We'd all like to have unlimited dollars to fill the very real needs that exist in our state, but we have to do so on both a state and federal level in the context of what is sustainable - because by spending unsustainably, we will only make our problems worse. In this regard the Obama administration’s financially reckless advocacy of borrowing nearly fifty percent of every dollar being spent in Washington is being exported to state like South Carolina. In the long run I believe it is a financial certainty that this will hurt schools, teachers - and more than anything students who will be paying these debts.

Second, I want to be clear that while I'm signing these documents under duress, I have no ability to promise that many of the mentioned conditions and guarantees will indeed be met. For example, this application requires the state to "take actions to improve teacher effectiveness and comply with federal law to address inequities in the distribution of highly qualified teachers between high- and low-poverty schools"; to "establish a longitudinal data system"; and to "comply with all of the accountability, transparency, and reporting requirements that apply to the Stabilization program."

Our General Assembly may or may not choose to meet those conditions at a later date - I have no way of knowing if they will, and no way of compelling them to do so. In reviewing this application, for me it again highlighted the absurdity of ramrodding federal dollars into the states when I suspect more governors than myself have little ability or wherewithal to say with certainty that these and other conditions under the law can, or will be, carried out. In this case it makes something of a mockery of the law itself given the conditions that were supposedly to be a part of receiving these monies.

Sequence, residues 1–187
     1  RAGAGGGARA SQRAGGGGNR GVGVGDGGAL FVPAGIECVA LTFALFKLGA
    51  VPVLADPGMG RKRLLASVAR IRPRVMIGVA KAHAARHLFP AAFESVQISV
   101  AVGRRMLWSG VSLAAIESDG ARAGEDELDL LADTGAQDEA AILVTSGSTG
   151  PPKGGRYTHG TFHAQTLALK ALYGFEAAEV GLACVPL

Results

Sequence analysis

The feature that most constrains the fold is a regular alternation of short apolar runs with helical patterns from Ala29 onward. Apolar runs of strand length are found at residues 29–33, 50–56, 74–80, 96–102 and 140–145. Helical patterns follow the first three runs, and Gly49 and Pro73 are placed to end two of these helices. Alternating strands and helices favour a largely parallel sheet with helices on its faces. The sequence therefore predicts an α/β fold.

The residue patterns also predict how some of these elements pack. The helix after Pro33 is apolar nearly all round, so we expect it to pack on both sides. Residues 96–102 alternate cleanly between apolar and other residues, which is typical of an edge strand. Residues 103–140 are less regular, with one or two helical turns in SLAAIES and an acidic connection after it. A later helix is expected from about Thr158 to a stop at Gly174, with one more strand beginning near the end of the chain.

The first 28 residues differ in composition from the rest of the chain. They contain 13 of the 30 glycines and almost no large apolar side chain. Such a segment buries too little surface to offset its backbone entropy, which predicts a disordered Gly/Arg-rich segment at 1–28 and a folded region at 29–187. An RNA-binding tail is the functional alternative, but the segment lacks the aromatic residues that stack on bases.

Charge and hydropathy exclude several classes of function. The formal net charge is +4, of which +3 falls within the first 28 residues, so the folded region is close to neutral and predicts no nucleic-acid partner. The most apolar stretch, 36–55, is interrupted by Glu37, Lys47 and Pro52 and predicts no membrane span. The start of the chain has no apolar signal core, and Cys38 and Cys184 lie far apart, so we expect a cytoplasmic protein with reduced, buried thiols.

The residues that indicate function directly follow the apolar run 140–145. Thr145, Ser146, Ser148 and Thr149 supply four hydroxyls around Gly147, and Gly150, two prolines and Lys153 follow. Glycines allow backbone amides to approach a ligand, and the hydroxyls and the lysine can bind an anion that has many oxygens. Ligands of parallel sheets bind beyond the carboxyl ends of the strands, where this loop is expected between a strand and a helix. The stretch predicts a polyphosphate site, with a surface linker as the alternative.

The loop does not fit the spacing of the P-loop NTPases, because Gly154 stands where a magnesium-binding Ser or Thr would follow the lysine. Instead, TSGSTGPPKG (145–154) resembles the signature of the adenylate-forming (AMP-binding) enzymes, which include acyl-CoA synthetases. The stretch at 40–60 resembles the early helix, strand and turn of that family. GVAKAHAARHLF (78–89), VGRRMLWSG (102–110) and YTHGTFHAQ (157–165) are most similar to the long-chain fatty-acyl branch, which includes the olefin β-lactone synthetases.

Finally, I would appeal to you in your capacity as Secretary of Education to look beyond this idea of money being a cure for all that ails education in our country. I join many others in continuing to believe that we ought to have a diversity of educational choices that fit with the diversity of different young people in our country. We need to give children real options for exiting schools that have consistently failed despite more and more money. We need to work toward expanding the establishment of and access to charter schools. We need transferability options under federal laws that expand educational choices not only in the public sector, but in the private sector as well. My administration would certainly welcome a chance to work with you on these fronts, and I hope to do so in the near future.


Mark Sanford
Mark Sanford


Anonymous said...

Duress, huh... How about the thousands and thousands of children under duress by the decades-long individualist GOP leadership here.

Daniel J. Cassidy said...

It's not the GOP leadership that is holding "thousands and thousands" of children hostage to a system that does not work and will not change. These funds, like all the increases in education spending that have gone before, here and throughout the nation, will not improve test scores or reduce dropout rates. The funds will just provide a bit more for the only people that benefit from the utterly failed education establishment -- teachers and administrators.